A Lakeview man sentenced to 33 years in prison after entering a no contest plea to charges he bound a woman with whom he lived with duct tape, then beat, kicked, raped and tortured her in May 2016 wants to withdraw his plea.
Fifty-six-year-old David Gengler has written a letter to the judge and prosecutor in his case saying he did not understand the consequences of entering a no contest plea and alleged those consequences were not explained to him. He entered his plea and was sentenced Nov. 15th last year.
In his letter filed in his court cases Feb. 12th, Gengler said he has been told he has 90 days from the date the judgment was entered against him to request he be allowed to withdraw his plea and realizes he is "almost out of time." He asks for an extension until May 15th to do the required paperwork.
The question for the courts is whether Gengler is filing his request on a timely basis. His only option may be going to the Arkansas Supreme Court, although it remains to be seen if the state's highest court would rule the filing of the plea withdrawal request came too late.
Gengler lists a number of reasons he has taken so long to file the request, including the fact he is acting as his own attorney, the lack of access to a law library until recently and his inability to hire an attorney to help guide him in the process.
As is normal procedure, when Gengler entered his no contest plea and was sentenced, Circuit Judge Gordon Webb went through a lengthy checklist of questions before accepting the plea and passing sentence. Among other things, the judge asked Gengler if he understood what the plea agreement said, if he was aware of the sentence he was to receive and whether he had discussed the agreement with his public defender. Gengler answered in the affirmative.
In his letter, Gengler says he has proclaimed his innocence, "since the day I was arrested ... and to this very day."
Gengler was initially charged with kidnapping and five counts of first-degree battery. Prosecutors then filed the more serious charges of rape and aggravated robbery based on information developed during the investigation that the victim had suffered severe sexual trauma while being held against her will.
It was also determined money was missing from several locations in the residence. Gengler was alleged to have had a large sum of money in his wallet when he was booked into the county jail.
Gengler's problems with the law began when Baxter County sheriff's deputies responded to a residence along Greenwood Avenue in Lakeview May 24, 2016. They reported finding a badly beaten female on the floor near the front door.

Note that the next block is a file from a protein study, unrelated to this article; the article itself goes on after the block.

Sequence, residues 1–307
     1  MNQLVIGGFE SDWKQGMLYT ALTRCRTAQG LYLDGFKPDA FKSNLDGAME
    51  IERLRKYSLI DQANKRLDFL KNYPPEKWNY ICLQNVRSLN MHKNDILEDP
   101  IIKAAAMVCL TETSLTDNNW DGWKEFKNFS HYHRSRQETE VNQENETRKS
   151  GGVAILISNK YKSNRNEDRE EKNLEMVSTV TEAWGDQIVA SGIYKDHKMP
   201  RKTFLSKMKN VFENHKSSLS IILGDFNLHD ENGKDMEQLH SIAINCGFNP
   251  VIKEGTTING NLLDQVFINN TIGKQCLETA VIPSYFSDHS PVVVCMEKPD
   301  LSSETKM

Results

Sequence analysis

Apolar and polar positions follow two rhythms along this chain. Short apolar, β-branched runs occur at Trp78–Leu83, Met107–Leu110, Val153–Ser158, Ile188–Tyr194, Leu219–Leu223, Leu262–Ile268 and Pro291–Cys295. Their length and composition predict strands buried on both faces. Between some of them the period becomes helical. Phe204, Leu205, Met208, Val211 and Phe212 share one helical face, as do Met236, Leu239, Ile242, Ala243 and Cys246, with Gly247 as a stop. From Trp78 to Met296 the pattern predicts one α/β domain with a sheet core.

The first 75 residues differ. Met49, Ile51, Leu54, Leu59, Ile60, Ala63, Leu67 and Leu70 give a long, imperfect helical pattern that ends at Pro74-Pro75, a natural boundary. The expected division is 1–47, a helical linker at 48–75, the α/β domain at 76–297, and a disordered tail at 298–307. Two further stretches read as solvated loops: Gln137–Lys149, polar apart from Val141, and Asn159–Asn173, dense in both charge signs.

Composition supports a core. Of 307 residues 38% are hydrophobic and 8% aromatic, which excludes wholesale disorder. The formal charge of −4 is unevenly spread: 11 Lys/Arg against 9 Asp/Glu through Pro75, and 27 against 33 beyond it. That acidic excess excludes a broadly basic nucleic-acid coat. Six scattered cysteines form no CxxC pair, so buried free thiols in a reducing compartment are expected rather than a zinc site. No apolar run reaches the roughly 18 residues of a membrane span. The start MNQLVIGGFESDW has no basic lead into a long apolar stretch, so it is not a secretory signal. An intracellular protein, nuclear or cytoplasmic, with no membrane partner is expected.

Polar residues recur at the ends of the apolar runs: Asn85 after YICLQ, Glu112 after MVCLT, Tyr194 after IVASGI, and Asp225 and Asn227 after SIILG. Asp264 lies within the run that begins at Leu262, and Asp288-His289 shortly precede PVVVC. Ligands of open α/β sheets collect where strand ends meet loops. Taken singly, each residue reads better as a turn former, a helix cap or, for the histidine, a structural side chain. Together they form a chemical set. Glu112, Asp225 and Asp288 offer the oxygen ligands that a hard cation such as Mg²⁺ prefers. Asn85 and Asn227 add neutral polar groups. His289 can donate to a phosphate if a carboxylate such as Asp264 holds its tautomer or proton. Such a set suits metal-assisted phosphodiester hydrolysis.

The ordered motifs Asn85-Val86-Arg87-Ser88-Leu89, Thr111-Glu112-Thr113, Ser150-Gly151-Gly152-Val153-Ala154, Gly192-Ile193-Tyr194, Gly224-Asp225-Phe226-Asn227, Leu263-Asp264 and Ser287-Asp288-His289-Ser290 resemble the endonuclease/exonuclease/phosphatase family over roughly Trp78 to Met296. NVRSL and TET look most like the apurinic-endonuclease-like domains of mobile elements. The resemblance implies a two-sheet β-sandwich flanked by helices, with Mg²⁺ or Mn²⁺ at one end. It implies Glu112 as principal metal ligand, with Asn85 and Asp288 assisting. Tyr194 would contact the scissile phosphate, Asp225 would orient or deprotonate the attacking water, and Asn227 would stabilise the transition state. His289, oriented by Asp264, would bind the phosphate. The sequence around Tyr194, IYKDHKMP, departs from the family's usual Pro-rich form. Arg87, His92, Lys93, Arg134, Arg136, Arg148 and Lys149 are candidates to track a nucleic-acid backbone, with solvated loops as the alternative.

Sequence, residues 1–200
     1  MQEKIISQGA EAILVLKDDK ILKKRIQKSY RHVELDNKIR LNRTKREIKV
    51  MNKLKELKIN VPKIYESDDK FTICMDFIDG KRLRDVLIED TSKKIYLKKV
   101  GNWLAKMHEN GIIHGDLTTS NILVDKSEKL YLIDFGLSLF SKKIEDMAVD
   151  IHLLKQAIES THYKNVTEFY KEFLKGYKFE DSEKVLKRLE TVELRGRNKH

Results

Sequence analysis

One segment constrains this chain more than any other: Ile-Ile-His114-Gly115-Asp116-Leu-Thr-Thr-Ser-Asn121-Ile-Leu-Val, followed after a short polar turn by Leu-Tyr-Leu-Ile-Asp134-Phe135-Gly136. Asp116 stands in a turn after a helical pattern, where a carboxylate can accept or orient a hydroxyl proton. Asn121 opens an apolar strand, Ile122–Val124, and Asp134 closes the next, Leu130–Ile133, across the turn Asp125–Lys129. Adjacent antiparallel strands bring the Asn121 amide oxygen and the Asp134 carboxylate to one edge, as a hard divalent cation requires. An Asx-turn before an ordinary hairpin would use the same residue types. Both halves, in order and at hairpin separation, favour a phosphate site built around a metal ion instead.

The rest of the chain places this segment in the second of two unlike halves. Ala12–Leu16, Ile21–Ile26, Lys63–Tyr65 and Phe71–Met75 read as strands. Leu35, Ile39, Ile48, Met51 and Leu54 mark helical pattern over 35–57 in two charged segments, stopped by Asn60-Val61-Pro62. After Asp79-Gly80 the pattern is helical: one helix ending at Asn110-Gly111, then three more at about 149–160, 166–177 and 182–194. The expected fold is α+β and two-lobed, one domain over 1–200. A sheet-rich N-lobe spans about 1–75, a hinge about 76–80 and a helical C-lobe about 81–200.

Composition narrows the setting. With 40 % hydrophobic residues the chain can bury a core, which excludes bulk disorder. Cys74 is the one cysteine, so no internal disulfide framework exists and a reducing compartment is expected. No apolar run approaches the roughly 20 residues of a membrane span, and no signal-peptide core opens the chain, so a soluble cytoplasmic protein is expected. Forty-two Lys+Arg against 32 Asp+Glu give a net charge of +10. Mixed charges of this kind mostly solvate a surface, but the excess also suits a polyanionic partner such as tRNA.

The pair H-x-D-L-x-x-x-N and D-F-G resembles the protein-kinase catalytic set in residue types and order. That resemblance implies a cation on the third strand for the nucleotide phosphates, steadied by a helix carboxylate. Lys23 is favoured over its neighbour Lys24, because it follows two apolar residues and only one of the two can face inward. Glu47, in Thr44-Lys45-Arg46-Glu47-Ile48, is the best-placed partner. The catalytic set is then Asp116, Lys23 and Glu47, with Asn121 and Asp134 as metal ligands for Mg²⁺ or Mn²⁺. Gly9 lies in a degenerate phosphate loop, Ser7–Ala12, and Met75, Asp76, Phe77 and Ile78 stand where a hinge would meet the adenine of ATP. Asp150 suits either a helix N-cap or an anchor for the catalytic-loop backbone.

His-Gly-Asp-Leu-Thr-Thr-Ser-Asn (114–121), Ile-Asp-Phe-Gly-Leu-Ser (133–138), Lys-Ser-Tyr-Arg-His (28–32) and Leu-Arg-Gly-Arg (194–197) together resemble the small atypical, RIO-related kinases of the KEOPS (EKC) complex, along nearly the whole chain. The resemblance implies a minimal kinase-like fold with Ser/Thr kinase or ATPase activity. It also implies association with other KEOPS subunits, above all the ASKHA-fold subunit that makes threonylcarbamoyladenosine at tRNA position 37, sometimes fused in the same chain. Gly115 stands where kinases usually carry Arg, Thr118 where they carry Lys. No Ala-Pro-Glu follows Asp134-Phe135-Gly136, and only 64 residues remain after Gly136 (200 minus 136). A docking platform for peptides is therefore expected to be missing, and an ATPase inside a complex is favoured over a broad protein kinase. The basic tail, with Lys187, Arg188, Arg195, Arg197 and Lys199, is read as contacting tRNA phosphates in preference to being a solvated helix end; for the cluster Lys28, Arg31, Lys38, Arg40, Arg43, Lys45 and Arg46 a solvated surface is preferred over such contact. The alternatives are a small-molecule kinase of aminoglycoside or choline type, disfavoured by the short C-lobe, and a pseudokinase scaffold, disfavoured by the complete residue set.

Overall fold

According to court records, Gengler and the then 57-year-old victim shared the residence.
Baxter County Sheriff John Montgomery said at the time the victim had marks on her wrists and appeared to have been bound for days. She also had numerous other injuries, including what were thought to be cigarette burns.
Investigators reported finding blood splattered on the walls of the house and a large amount of duct tape with hair stuck to it on the bathroom floor. A knife and bloody cigarette butt were also found and taken into evidence.
The victim was able to make a 911 call requesting assistance. According to an incident report filed by the sheriff's office, the victim asked for an ambulance, but was initially hesitant to say why one was needed. She eventually told the 911 dispatcher, "He will kill me."
Gengler, who was at the residence when lawmen arrived, said the victim was bipolar and "falls all the time." He denied inflicting the victim's injuries, holding her against her will, or having forced sexual relations with her.
During an interview with the woman at a Springfield hospital where she was taken for treatment of her injuries, she told investigators she had been bound with duct tape for two or three days. She said she had been taped in an upright position and punched and kicked. The victim said she had also been burned with cigarettes and choked during the ordeal.
According to the victim, her relationship with Gengler began when he moved into her residence in October 2015 to work as a handyman.
Gengler underwent psychological examinations prior to entering his plea and was found fit to proceed in his cases.
The victim was in court the day Gengler entered his plea and was sentenced. The court's bailiff stood between the woman and Gengler blocking his view of her.
Gengler is an inmate in the Grimes Unit of the state prison system at Newport.
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